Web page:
Designer's Insight — James Teo


Interviewed by Yanda Tan

Today we speak to James Teo, founder and creative director of Ampulets from Singapore.

Yanda: Tell us about yourself and what you do.

James: I am a graphic designer with a soft spot for simple, beautiful things.

What do you do first when you get up in the morning?

Cook oatmeal. A good breakfast is a good start to a day. Men can’t think well on an empty stomach.

What daily routines you cannot do without?

Read a little, check facebook and instagram to keep in touch with friends and what’s happening around. Maybe not daily, but a few days in a week, I run. Running is the best time to crack design briefs! 

How would you describe your work in three words?

Considered, inviting, functional.

When did you first get involved in the design?

As a kid, I used help out in a music cassette stall near my parent’s place, and I always marveled at the design of the tape covers. I would stack my own collection up nicely in a six-million-dollar-man plastic “briefcase” and haul it to and fro the shop. Occasionally, I would take them out to admire the album cover design, listen to the music and try to recreate the design or sketch portraits of the singers in my notebook. It’s a habit. These days, I still go to record/CD shops (the very few that are left) and book stores to look at the covers.  

When I started working, my jobs were in marketing and marketing communications. So I was constantly working as a client with design studios and advertising agencies. And after some 8 years, I figured what I really wanted was to be on the other side of the table and re-live my childhood fantasy of making artwork for the album/ book covers!

Do you think personal work and collaboration is important?

Personal work are like personal challenges. It challenges you to dare to materialise something you have in your mind, to test how far your ideas can take you, and your ability to complete it without clients and deadlines breathing down your neck. I think it teaches you to trust your own instinct and judgement.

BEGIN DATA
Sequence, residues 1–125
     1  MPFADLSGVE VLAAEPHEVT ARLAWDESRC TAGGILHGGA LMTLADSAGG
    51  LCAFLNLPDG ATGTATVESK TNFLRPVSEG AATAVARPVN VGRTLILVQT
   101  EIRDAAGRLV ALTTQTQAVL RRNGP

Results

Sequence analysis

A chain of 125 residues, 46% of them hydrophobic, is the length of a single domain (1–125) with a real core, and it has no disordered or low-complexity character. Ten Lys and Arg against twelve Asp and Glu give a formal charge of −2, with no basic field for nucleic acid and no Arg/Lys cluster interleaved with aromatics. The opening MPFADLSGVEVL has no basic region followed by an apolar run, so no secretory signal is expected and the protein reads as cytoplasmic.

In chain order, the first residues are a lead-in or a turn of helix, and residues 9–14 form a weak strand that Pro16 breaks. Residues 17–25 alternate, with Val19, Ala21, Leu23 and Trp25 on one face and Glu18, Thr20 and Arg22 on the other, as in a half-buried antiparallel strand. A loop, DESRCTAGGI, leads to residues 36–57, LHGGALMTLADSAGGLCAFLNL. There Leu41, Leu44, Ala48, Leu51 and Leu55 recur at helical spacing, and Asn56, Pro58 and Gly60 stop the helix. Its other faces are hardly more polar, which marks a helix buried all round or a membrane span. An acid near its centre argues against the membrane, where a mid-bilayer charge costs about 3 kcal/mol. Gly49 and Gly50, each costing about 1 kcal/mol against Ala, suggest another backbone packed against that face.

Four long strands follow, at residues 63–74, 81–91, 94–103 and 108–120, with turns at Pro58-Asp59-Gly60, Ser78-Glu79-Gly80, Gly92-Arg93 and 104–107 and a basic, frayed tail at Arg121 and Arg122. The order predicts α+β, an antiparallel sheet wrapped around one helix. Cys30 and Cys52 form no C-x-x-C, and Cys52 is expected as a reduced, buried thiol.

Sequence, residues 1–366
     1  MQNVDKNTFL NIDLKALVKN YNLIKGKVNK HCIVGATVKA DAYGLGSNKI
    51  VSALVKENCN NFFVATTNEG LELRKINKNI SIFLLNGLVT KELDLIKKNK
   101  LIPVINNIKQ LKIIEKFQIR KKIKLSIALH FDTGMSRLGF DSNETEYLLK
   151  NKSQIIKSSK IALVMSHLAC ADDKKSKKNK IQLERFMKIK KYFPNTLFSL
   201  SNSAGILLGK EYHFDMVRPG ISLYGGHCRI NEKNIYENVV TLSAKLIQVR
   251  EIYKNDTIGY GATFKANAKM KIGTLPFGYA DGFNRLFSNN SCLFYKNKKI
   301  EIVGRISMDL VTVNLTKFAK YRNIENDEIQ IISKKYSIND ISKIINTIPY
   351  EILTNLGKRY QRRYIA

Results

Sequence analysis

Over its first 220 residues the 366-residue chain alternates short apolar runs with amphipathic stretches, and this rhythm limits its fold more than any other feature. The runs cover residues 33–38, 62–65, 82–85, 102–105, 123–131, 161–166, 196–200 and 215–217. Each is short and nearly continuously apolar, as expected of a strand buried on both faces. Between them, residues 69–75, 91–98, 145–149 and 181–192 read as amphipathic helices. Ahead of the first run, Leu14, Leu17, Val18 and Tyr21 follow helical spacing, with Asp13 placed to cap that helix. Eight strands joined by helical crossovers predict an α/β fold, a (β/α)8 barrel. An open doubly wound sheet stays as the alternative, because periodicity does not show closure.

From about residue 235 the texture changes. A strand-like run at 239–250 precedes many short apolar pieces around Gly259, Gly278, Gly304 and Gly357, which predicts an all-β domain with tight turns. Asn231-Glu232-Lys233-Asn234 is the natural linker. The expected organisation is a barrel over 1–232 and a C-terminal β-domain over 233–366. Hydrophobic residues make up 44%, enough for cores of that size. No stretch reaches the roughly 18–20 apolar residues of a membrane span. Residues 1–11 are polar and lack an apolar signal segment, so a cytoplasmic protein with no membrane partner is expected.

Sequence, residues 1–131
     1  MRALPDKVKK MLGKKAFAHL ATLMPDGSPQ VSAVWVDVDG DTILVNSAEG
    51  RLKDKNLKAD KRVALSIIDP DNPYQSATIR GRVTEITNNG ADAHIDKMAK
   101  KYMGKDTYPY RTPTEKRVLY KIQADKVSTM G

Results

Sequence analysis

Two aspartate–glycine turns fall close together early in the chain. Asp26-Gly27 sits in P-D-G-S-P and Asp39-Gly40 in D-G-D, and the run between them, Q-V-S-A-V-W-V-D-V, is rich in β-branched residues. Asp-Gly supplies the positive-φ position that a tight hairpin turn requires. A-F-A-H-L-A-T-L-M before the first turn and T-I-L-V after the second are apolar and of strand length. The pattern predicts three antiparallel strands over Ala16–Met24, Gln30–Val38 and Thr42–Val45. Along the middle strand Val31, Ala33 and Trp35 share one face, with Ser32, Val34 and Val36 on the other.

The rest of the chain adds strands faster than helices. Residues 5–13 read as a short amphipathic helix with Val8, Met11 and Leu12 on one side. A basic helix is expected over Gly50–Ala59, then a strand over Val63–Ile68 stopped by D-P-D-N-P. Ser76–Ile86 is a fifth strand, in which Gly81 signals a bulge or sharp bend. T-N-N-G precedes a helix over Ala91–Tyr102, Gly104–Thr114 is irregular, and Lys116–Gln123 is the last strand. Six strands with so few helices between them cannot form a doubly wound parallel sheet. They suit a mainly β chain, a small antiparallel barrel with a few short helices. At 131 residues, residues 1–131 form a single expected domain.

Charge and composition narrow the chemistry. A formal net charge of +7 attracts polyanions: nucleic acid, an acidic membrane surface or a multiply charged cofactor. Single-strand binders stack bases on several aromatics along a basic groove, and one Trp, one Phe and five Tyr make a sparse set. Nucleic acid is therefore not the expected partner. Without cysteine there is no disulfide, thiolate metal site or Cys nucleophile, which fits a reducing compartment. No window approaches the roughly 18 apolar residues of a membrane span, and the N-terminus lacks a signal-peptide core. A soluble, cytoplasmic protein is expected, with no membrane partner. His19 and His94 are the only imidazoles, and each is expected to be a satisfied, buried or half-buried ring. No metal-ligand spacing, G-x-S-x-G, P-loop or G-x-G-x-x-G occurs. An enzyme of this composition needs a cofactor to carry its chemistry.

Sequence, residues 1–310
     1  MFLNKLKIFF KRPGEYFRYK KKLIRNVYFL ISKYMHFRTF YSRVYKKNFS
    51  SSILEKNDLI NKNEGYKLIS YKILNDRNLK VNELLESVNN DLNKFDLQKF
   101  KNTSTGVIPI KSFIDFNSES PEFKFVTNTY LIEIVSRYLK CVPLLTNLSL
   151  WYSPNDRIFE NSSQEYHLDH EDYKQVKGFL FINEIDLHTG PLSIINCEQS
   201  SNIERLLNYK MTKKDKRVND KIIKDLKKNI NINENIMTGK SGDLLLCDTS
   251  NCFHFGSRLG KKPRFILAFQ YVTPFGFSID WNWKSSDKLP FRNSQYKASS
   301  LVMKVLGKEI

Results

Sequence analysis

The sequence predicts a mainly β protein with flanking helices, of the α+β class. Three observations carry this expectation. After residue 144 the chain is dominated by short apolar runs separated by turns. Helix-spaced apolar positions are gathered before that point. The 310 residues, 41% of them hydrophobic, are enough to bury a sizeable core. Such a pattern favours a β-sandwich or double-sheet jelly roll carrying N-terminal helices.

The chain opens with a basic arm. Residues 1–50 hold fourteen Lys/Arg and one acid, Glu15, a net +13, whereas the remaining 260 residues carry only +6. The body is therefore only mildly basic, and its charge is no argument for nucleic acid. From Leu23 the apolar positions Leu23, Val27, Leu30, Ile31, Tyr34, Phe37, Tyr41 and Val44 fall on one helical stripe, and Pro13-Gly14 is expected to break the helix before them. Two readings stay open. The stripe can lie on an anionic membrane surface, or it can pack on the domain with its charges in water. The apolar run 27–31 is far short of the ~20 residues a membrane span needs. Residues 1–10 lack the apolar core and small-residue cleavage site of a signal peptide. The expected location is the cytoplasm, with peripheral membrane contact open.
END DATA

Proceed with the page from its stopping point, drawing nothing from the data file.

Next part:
I love collaborations, especially with the right person or group. Wonderful things can be done when like-minded folks get together . By likeminded I don’t mean thay we all think the same, but more like having the same values and attitude – so that we ultimately know we are going for the same destination even if our methods are different.

If you have a chance to own someone’s work and wish it was yours, what would it be and why?

The entire set of original posters created by Michael Bierut for Yale University since 1998. I have always been a believer of how design should evolve between one designer and one client for a long period of time. Almost like a marriage.

Who do you dream to design for?

My dream project is to design all the signboards in the Toa Payoh Lorong 8 Market. Ha.


What’s your definition of happiness?

Balance. I think it is important for one to have balance in his/ her life – a balance of family, work and leisure. I think happiness is also not about extreme highs and lows, but achieving a certain constant in life. Just like running. For me, a good run is about keeping a steady pace throughout the run.

What makes you guilty?

Spending too much money on books, music, clothes – all the vain things in life.

How do you set your benchmarks?